My thoughts come back to the hero. I am quite convinced that his character is influenced to some extent by the author’s own. Khaled Hosseini was born in Afghanistan and his family moved to the US in 1980. The hero is a soft-spoken literary sort, quite unlike the typical repulsive “masculine” male. He likes to read poetry, wins every poetry competition, loves to fly kites, loves to write, detests any Afghan sport that has to do with killing and does not retaliate at the neighborhood bullies. The most beautiful aspect of his personality is that even in his childhood, although he notices he is unlike the rough and tough kinds, he is most unwilling to change, he is just so secure with the way he is. At a point in his adulthood he is faced with situations where he has the option to either accept or reject his lady love when questions of her chastity etc. come up. Without any effort at any kind of debate within himself or otherwise, he promptly chooses to be by her side. In doing so he does not regard himself a martyr of sorts; he simply puts it saying that to judge a woman by patriarchal standards is something he was never socialized into – for he was never exposed to the “double standards” of men in his childhood, neither in his youth. His mother died at childbirth and father never married.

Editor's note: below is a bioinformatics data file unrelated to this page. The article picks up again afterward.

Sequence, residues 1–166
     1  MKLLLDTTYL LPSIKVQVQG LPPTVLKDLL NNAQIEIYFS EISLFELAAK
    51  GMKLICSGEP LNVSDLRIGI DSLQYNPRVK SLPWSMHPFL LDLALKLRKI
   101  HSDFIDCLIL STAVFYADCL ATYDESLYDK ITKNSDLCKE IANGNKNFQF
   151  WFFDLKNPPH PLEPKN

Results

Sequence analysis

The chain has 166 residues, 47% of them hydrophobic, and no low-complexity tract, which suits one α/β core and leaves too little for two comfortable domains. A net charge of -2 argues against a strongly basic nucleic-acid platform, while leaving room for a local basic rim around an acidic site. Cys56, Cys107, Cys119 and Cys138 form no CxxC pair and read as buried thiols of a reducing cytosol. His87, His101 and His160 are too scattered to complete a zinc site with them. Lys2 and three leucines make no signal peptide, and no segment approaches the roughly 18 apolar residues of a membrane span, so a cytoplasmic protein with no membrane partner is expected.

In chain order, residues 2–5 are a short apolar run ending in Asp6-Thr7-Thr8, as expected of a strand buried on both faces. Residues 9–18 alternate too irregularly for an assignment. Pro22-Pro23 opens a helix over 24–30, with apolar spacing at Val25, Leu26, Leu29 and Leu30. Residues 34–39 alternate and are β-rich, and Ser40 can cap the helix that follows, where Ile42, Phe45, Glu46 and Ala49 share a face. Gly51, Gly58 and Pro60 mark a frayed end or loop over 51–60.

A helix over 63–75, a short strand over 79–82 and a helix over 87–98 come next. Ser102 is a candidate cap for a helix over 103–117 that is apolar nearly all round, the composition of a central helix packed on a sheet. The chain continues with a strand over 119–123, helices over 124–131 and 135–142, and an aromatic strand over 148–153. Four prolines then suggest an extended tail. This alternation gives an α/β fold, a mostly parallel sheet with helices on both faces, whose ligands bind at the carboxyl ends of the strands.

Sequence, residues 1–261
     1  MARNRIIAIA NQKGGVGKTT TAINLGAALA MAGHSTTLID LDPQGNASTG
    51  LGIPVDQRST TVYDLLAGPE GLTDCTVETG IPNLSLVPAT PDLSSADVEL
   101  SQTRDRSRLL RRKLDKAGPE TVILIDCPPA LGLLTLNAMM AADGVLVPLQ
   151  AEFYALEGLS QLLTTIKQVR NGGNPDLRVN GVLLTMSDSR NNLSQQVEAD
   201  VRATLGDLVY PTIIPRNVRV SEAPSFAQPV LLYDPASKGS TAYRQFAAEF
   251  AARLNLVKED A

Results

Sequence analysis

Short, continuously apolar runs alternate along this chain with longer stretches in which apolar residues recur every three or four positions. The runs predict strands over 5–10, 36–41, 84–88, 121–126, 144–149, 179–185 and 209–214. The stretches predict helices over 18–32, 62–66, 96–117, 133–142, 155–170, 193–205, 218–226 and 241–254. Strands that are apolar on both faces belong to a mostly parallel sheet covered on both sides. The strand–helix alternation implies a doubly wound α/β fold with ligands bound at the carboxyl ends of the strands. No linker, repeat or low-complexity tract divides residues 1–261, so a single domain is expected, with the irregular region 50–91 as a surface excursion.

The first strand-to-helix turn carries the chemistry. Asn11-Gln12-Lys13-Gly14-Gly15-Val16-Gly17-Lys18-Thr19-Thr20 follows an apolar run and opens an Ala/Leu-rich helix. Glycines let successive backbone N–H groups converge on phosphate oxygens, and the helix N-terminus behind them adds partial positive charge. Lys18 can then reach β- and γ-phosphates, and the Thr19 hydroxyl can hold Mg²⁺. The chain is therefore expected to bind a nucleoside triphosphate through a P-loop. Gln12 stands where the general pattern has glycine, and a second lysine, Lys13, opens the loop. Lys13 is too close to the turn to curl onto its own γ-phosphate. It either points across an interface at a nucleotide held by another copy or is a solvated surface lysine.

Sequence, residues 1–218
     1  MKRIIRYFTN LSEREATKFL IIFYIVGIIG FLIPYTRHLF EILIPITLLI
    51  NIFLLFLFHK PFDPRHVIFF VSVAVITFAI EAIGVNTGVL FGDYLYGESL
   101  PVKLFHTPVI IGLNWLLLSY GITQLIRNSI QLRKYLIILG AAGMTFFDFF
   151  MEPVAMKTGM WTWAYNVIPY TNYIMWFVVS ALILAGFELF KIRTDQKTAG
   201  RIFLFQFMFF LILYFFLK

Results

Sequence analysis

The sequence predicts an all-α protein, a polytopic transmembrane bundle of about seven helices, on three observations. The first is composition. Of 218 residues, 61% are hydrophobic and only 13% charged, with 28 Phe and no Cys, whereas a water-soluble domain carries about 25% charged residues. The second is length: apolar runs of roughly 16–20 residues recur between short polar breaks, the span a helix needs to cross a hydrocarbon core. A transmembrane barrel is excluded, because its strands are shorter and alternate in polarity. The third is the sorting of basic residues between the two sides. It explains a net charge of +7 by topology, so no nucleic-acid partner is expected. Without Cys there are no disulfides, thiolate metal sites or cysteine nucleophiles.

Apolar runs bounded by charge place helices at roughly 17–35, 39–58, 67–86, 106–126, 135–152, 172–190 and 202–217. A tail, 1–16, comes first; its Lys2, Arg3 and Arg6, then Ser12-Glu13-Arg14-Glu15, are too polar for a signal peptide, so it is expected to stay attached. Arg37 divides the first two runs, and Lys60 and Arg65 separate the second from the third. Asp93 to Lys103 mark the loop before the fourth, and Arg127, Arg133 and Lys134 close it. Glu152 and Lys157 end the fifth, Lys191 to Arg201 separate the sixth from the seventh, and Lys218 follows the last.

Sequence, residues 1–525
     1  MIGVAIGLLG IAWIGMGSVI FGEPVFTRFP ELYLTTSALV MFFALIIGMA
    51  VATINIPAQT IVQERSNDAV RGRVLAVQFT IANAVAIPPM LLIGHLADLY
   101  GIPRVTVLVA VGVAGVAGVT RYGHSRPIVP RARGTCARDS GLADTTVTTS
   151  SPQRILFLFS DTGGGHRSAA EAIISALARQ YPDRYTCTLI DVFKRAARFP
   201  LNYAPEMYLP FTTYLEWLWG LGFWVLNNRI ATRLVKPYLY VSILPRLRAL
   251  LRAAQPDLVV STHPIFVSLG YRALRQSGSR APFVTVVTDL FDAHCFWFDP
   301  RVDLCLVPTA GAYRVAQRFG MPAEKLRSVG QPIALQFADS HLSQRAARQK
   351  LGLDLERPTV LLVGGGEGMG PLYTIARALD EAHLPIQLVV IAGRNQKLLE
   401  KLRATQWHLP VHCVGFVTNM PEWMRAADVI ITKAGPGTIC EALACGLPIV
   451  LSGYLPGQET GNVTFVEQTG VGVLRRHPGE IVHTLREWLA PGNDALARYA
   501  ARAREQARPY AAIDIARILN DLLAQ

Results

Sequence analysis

The narrative brings forth the sheer craftsmanship of the writer – the language has an irresistible flow – and conveying such complexities in simple language is an art I think and Khaled Hosseini in his debut novel, is a prototype of this thought. The words and phrases in native language finely blend with the English language – another very attractive element of the narrative.